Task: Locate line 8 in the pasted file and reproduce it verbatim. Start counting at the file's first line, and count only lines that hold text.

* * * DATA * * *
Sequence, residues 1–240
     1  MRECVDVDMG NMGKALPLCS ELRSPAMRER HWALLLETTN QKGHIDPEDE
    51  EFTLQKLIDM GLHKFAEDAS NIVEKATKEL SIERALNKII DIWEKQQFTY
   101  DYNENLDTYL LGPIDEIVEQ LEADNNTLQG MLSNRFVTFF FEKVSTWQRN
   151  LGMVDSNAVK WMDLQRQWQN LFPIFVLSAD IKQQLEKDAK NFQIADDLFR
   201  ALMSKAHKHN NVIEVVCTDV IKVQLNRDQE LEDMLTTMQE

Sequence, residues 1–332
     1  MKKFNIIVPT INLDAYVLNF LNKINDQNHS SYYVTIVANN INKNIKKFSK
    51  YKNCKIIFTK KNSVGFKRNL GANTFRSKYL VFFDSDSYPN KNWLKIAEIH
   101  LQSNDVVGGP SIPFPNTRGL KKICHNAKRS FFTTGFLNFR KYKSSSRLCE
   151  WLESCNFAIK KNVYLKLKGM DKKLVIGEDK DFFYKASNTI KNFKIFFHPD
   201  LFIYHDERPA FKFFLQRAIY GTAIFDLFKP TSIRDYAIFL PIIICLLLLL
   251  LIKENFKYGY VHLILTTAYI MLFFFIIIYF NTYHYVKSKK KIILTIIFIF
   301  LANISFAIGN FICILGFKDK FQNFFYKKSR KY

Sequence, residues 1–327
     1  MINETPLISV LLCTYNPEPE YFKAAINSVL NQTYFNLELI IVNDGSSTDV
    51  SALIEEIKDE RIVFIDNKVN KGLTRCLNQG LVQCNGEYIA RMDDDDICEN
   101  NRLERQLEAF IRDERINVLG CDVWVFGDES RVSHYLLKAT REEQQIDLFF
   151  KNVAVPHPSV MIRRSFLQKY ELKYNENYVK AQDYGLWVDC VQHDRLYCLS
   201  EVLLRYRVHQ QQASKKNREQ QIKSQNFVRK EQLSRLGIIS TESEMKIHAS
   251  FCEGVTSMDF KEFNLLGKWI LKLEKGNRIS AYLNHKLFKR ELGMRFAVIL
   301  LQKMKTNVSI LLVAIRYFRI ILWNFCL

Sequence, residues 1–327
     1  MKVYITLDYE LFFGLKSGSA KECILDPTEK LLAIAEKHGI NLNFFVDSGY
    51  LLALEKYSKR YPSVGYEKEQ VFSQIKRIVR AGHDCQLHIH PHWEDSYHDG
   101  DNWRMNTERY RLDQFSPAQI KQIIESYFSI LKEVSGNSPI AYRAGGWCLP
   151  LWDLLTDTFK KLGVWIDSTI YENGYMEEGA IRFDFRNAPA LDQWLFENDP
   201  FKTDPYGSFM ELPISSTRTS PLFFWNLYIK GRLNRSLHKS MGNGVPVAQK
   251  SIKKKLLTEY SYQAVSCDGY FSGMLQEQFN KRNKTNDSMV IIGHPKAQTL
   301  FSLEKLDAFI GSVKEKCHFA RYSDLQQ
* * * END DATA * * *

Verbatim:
     1  MKKFNIIVPT INLDAYVLNF LNKINDQNHS SYYVTIVANN INKNIKKFSK